The House from a 1905 postcard
Earlier Houses: There was at least one earlier house on the site. Before the Norman Conquest, the Estate was owned by Godwin, Earl of Wessex, father of Harold II, the last Anglo-Saxon king of England. By the 13th century the Estate was owned by the earls of Pembroke, ending up in royal ownership by 1268. By the 17th century the Witley Estate, then named Lea Park, was owned by the Bell family.
House & Family History: Witley Park was mostly the creation of Whitaker Wright, a financier and self-made man of dubious character. He purchased the Estate 1890 for £250,000, approximately £27 million in 2019 inflation-adjusted values using the retail price commodity index, and massively enlarged the existing 18th century house. By the time Wright was finished, Witley had 32 bedrooms, 11 bathrooms, two dining rooms, a palm court, an observatory, and a private hospital. After he was sentenced to seven years in prison for fraud in 1904, Wright committed suicide by swallowing cyanide before being taken from the Old Bailey. In 1909 Witley was purchased by William James Pirrie, who lived here until his death in 1924. Pirrie, one of the designers of the "Titanic," was chairman of shipbuilders Harland and Wolff, who built the doomed ship.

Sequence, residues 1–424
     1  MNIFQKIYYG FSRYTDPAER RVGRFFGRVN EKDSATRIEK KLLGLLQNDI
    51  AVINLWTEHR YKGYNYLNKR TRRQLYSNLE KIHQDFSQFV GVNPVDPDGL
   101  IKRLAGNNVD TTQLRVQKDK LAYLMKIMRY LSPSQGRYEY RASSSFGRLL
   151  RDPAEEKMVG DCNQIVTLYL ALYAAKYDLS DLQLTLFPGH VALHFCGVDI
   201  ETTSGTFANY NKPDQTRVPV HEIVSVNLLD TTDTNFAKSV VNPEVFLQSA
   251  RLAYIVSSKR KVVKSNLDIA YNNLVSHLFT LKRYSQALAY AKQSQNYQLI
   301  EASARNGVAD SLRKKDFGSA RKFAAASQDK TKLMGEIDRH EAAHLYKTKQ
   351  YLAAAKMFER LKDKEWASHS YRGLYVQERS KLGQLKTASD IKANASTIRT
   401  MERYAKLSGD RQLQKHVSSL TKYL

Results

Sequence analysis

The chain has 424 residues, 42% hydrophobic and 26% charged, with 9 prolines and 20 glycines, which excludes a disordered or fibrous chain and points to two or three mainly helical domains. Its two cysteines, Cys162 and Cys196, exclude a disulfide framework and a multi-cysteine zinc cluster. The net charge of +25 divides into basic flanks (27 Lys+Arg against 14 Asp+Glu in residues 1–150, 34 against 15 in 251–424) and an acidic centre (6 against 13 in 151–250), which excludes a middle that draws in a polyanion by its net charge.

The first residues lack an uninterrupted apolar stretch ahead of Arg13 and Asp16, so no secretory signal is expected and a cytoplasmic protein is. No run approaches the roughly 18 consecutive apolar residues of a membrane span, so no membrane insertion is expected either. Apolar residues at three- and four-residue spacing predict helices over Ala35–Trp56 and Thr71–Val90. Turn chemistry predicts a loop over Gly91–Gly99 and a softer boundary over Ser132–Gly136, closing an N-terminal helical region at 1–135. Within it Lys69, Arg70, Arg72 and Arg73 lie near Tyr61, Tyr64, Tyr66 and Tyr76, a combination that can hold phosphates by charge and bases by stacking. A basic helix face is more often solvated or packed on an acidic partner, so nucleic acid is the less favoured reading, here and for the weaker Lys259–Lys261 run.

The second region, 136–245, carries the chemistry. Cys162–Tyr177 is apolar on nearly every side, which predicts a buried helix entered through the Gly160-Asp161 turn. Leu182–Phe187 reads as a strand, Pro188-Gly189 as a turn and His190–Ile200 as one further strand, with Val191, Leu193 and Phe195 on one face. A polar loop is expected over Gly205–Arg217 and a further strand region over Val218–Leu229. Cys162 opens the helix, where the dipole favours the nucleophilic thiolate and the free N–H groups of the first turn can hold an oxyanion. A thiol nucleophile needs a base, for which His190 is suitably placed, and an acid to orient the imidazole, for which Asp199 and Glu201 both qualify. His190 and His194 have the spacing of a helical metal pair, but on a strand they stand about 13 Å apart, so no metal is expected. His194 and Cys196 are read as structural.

Garden & Outbuildings: Whitaker Wright employed 600 workers and spent over £1 million (approximately £113 million in 2019 values) to reshape the landscape at Witley in the early 20th century. He created an amazing collection of follies, four lakes, a forest and the unique and unbelievable Underwater Ballroom, all of which still exist today. After Wright's 1904 suicide, parts of the Estate, including the Devil's Punch Bowl, were sold at auction and purchased by concerned locals, who donated the land to the National Trust in 1906. The Grade II-listed Stables, which once had stabling for 50 horses, has been converted into a conference center.
Country Life: CXXXIV, 1693 plan, 1963.
House Listed: Demolished
Park Listed: Not Listed
Past Seat / Home of: SEATED AT EARLIER HOUSES: William Marshal, 2nd Earl of Pembroke, 13th century. Peter of Savoy, 13th century. Henry Bell, 17th century. Anthony Smith, 17th century; Smith family here until 1763. SEATED AT 18TH-19TH CENTURY HOUSE: Carteret-Web family, 1763 until 1890. Whitaker Wright, 1890-1904. William James Pirrie, 1st Viscount Pirrie, 1909-24. Sir John Leigh, 1925-52. Ronald Huggett, 1950s.
Current Ownership Type: Demolished
Primary Current Ownership Use: Demolished
Ownership Details: The former Stables are today a conference center.
House Open to Public: No
Historic Houses Member: No